O'Malley's Green Legacy and Lessons for Those Who Will Follow

DES MOINES, IA - FEBRUARY 1: Democratic presidential candidate Martin O'Malley tells a small gathering of supporters that he
DES MOINES, IA - FEBRUARY 1: Democratic presidential candidate Martin O'Malley tells a small gathering of supporters that he will suspend his presidential campaign February 1, 2016 in Des Moines, Iowa. O'Malley finished with about one percent of the vote behind former Secretary of State Hillary Clinton and U.S. Sen. Bernie Sanders (I-VT). (Photo by Steve Pope/Getty Images)

By the time we get to the next Democratic presidential debate in Flint, Michigan, on March 6, we'll have a lot better feel as to who will go forward as the party's nominee. But now, there are only two Democratic candidates, because Martin O'Malley has ended his campaign.

While no one, probably including him, thought he had a real chance to be the nominee, that doesn't mean his candidacy was in vain. On the contrary, his commitment to the greater public good led him to enter the race as a champion of the environment. And it's a shame we won't see him in Flint, because it's the kind of backdrop O'Malley deserved to help draw attention to the environmental issues he works so hard to champion.

Certainly he'd carry an authentic, all-in environmental message to this event, formed by his deep belief that the threat of climate change is real; that the clean energy economy is a job generator; that big data is a tool we've only just begun to apply to solving environmental and other problems at community scale.

In fact, it was his data-driven worldview that first got my attention when he talked at a USGBC event about CompStat, a system for urban crime fighting he developed while mayor of Baltimore. At our event he also demonstrated its environmental application to monitoring the health of the oyster population in the Chesapeake Bay.

He later expanded that to an initiative called CitiStat, a way to manage all city programs and services by gathering Information on a series of performance indicators and analyzing it with the assistance of computerized databases and geographic mapping to zero in on areas of underperformance. I can't help but believe those poor people in Flint could have avoided their current fate if this kind of management efficiency and creative problem-solving had been in place, instead of the circular finger-pointing that is currently going on at the expense of the community's children.

This kind of intentional data aggregation and analysis approach is especially effective when you are trying to create and manage climate policy. If emission reductions are your goal, you have to find a way to track and manage multiple activities across numerous categories because success is in being able to see the power of multiple incremental steps. O'Malley used this approach as governor of Maryland to keep tabs on everything from energy demand to transit use to water use to waste management.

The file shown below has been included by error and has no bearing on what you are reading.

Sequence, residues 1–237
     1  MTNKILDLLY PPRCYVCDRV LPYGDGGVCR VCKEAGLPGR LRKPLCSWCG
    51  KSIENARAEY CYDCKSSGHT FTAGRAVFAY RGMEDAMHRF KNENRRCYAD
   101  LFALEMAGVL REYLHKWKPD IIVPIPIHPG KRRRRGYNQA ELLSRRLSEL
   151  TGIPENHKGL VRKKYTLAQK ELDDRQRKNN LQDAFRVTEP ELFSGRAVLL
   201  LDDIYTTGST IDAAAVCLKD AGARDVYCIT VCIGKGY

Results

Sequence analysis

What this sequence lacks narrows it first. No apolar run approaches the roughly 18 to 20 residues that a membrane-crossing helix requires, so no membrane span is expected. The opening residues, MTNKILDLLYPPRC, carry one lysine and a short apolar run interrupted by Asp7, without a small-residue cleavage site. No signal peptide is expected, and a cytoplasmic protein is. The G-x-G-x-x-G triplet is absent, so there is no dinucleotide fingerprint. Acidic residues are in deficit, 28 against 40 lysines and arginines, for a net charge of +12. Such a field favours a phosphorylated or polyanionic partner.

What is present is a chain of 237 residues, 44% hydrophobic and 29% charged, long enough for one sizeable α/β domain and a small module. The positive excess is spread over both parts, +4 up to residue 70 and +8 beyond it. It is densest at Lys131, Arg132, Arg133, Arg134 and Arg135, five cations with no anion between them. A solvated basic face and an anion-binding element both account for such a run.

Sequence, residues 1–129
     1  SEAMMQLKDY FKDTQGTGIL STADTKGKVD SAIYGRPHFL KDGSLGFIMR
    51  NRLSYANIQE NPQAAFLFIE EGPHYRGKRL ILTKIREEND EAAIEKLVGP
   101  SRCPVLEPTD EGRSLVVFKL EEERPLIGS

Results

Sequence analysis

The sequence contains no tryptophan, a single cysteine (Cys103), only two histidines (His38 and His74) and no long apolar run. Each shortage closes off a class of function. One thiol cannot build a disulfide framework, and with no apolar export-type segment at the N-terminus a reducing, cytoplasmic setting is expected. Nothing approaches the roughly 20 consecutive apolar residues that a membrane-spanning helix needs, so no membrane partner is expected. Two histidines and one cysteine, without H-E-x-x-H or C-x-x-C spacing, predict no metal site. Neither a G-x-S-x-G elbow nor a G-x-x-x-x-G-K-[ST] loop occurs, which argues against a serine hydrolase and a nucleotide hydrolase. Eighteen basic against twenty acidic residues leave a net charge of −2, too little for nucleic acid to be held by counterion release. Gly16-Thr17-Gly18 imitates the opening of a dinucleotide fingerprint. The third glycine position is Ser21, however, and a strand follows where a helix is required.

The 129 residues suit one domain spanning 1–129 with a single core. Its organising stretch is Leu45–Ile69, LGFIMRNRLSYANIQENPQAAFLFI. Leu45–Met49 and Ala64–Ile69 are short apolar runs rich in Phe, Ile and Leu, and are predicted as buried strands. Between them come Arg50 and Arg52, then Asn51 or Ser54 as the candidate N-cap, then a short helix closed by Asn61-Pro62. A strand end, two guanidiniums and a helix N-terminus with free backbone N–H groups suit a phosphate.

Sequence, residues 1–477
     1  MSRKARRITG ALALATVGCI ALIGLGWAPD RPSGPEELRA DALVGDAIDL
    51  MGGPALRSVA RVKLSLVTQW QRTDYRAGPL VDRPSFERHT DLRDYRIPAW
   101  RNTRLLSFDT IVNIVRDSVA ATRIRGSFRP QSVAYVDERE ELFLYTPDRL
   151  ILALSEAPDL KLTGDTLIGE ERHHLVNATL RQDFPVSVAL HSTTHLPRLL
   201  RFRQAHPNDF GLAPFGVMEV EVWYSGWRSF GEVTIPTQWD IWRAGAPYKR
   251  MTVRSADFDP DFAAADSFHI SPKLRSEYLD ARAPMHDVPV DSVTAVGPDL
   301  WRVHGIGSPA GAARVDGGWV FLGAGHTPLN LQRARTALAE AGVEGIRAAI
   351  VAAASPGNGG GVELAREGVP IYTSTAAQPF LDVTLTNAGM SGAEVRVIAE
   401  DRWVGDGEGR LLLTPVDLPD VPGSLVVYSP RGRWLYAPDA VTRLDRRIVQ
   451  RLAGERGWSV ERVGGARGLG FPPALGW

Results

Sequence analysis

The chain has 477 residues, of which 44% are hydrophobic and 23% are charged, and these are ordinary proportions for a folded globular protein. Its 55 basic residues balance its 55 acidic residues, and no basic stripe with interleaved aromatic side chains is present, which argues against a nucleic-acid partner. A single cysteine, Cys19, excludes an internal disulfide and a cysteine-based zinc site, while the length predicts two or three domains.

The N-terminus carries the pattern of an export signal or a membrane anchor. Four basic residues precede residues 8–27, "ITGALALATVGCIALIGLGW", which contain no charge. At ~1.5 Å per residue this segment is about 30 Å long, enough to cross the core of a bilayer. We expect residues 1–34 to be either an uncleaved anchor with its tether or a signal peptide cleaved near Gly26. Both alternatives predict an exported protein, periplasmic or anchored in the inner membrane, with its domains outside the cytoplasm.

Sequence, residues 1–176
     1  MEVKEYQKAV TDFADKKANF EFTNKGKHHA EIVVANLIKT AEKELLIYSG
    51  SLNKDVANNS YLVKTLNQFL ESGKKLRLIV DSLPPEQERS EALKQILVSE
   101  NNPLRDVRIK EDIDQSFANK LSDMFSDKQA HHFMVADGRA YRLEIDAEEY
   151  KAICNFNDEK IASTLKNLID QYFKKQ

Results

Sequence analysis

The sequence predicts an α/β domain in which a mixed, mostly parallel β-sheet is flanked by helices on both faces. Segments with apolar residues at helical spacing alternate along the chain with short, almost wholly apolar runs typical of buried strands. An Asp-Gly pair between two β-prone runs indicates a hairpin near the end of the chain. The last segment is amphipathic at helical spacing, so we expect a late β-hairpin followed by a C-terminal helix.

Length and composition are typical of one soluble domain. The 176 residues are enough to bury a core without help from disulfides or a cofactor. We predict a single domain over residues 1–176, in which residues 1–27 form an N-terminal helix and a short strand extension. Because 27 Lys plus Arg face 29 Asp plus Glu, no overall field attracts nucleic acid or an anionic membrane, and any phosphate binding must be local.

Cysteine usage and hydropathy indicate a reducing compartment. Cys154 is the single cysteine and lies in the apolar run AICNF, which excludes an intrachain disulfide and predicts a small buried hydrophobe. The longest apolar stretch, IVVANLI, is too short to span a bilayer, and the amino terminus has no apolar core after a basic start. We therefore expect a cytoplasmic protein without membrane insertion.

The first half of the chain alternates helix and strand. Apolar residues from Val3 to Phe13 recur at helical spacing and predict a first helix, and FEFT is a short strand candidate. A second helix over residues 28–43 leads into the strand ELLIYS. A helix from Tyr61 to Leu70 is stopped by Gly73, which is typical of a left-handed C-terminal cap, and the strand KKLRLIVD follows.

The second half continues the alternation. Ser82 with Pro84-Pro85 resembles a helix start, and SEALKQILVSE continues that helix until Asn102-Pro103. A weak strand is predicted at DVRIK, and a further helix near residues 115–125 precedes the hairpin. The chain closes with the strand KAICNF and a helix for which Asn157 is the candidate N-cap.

A great example of how this worked is O'Malley's leadership in Maryland in 2011 when he took a critical step toward completing the backbone of a solid green building policy for his state, something that has a lot of lessons in it for the rest of the country. He put in place three critical policy levers meant to work in tandem: leadership by example commitments to building beyond code to greener building standards; incentives for beyond-code green, k56 building leadership; and improved code minimums for all.

This made Maryland the first state in the country to enable the adoption of the International Green Construction Code (IgCC) by all local governments across the state - the first state in the nation to really get it right - and only the second to enable a framework for statewide adoption of green building codes. And a national partnership of like-minded organizations continues to refine new editions of these policy tools based on all that we're learning in places like Maryland that are putting them into action.

O'Malley spoke at our annual Greenbuild conference in New Orleans in 2014, previewing the cornucopia of ideas he would ultimately lay out in his campaign. In an editorial in USAToday last August, O'Malley said, "Clean energy represents the biggest business and job creation opportunity we've seen in 100 years. Given the grave threat that climate change poses to human life on our planet, we have not only a business imperative but a moral obligation to future generations to act immediately and aggressively."

During his campaign, O'Malley called out some specific actions that the remaining candidates in both parties should heed:

• Create a Clean Energy Jobs Corps to partner with communities to retrofit buildings to be more energy efficient, improve local resiliency, create new green spaces, and restore and expand our forests so they can absorb more greenhouse gases.

• Retrofit federal buildings to the highest efficiency standards and require new federal buildings to be net-zero as well as require the federal fleet to be subject to low- or zero-emissions purchasing agreements, and require all federally funded infrastructure projects to meet climate resiliency standards.

• Require higher energy efficiency standards for all new buildings while requiring energy costs to be transparent to building tenants and purchasers.

• Create a Clean Energy Financing Authority to support projects to increase efficiency and resiliency upgrades in cities, towns, and rural communities nationwide.

• Invest in improving the quality and availability of information about environmental conditions so as to empower citizens and communities to make sound decisions.

While we'll miss O'Malley on the stage in Flint, I'm confident we'll see him on plenty of other stages in the very near future. With his strong grasp of our environmental challenges and the policy solutions that can help solve them, we need his leadership on these issues now more than ever.